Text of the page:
There’s some meat to the cliché “hard work beats talent if talent doesn’t work hard,” but it’s not to be taken at face value. It doesn’t always. An adorable team of eight-year-olds isn’t beating the Kings because LA isn’t trying, and less ridiculous examples happen with teams in the same league all the time. “You can’t take any nights off!” is patent coach-speak bullshit, because some teams can. Sometimes the Canucks put it in neutral, make a couple talented plays and beat the Blue Jackets who are going mach six. (Incidentally, one of the worst parts about being on a crappy team is having to go balls out to have a hope to win. It’s a grind.)

When it comes to player selection at hockey’s highest levels, minimal emphasis is put on effort. Like, minimal. Only the ridiculously skilled are good enough to make the NHL without max effort (though don’t kid yourself, some are), and even they can’t get away with not trying very often. Regardless, you take “ridiculously skilled” when it’s available. Alex Semin over Tim Jackman every day of the week, I’m sure you’d agree, and the latter out-works him by eleventy-thousand percent.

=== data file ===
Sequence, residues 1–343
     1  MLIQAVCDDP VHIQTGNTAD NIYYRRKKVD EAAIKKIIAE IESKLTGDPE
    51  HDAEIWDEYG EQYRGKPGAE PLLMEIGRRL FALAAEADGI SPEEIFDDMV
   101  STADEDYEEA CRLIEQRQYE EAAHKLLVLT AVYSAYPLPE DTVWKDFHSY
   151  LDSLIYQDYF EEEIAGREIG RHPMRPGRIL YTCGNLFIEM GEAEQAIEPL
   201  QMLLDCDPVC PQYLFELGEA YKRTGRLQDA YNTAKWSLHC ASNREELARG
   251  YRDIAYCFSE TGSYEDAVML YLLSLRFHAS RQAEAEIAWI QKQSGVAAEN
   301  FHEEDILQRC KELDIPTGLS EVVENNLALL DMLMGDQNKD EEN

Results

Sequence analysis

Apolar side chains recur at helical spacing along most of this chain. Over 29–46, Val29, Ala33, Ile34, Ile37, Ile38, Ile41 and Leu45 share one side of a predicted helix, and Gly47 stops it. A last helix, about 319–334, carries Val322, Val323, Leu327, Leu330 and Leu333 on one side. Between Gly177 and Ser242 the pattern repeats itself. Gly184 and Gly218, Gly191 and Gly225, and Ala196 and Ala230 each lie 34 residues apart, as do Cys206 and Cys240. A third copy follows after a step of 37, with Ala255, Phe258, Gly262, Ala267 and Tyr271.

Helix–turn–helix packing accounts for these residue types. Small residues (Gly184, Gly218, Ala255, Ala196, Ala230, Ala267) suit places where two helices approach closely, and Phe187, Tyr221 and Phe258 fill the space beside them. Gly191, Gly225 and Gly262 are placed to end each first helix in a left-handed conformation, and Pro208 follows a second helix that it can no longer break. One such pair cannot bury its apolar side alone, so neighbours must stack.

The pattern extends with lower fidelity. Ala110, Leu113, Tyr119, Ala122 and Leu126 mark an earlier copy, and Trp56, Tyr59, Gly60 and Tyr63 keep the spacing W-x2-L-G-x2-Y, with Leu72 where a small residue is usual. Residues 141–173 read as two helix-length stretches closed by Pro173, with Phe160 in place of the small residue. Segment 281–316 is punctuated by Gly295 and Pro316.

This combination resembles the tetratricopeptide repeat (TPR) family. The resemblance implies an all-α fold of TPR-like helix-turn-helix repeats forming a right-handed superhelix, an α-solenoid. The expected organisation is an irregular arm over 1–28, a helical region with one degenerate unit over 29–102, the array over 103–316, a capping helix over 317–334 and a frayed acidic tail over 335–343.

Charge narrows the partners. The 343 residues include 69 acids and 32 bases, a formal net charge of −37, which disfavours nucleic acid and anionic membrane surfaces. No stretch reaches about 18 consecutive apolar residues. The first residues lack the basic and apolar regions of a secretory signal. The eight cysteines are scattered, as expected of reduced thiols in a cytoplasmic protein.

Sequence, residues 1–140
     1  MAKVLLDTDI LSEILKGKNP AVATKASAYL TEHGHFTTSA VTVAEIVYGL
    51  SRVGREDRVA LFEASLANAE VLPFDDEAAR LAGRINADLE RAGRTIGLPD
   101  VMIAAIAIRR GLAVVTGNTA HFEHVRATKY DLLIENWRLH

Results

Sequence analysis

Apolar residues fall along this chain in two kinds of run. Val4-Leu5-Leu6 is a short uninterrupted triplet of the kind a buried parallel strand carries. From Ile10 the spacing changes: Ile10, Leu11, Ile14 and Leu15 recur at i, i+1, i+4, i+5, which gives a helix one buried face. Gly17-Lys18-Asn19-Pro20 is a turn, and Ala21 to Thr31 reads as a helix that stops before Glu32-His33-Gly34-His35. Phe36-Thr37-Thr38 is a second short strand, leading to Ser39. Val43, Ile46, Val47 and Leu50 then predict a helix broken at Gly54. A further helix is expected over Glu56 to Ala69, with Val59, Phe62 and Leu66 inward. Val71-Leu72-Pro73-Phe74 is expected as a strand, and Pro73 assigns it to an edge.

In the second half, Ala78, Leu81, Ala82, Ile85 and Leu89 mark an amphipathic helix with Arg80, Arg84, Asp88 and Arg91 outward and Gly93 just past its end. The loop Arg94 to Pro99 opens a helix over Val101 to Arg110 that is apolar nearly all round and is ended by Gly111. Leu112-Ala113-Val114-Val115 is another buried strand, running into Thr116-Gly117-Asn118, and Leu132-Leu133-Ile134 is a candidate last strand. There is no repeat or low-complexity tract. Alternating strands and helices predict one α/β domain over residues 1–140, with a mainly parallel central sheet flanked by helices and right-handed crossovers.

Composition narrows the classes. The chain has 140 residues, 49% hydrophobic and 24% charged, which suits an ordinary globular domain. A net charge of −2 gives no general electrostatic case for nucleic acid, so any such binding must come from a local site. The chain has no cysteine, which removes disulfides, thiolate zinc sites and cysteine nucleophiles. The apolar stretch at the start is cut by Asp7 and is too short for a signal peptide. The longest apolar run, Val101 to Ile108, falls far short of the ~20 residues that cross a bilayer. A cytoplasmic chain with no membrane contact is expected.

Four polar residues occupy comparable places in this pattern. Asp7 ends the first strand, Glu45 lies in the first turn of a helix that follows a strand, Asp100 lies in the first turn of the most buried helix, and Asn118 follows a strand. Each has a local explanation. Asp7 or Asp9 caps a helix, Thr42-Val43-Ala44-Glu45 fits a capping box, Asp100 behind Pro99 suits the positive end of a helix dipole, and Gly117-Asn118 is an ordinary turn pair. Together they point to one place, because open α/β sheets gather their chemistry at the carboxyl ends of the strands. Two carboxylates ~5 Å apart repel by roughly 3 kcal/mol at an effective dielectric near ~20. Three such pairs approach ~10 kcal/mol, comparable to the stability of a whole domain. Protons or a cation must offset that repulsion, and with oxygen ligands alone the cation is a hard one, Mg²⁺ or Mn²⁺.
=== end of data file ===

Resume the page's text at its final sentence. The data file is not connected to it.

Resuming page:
The cliché has become more of an in-game threat than anything, given that it’s rare a coach will ever admit to his team that they’re the less talented one, so it’s said by the coach of the skilled team. “These guys can beat us if we don’t play up to our level, if we aren’t working.” Yada yada. Pro hockey comes down to 5-7 big plays a game, and if your team comes out on top of those, you’ll almost always win. (Problem is you never know when you’re in one of them.) Effort > no effort, obviously, but it’s not the be-all end-all.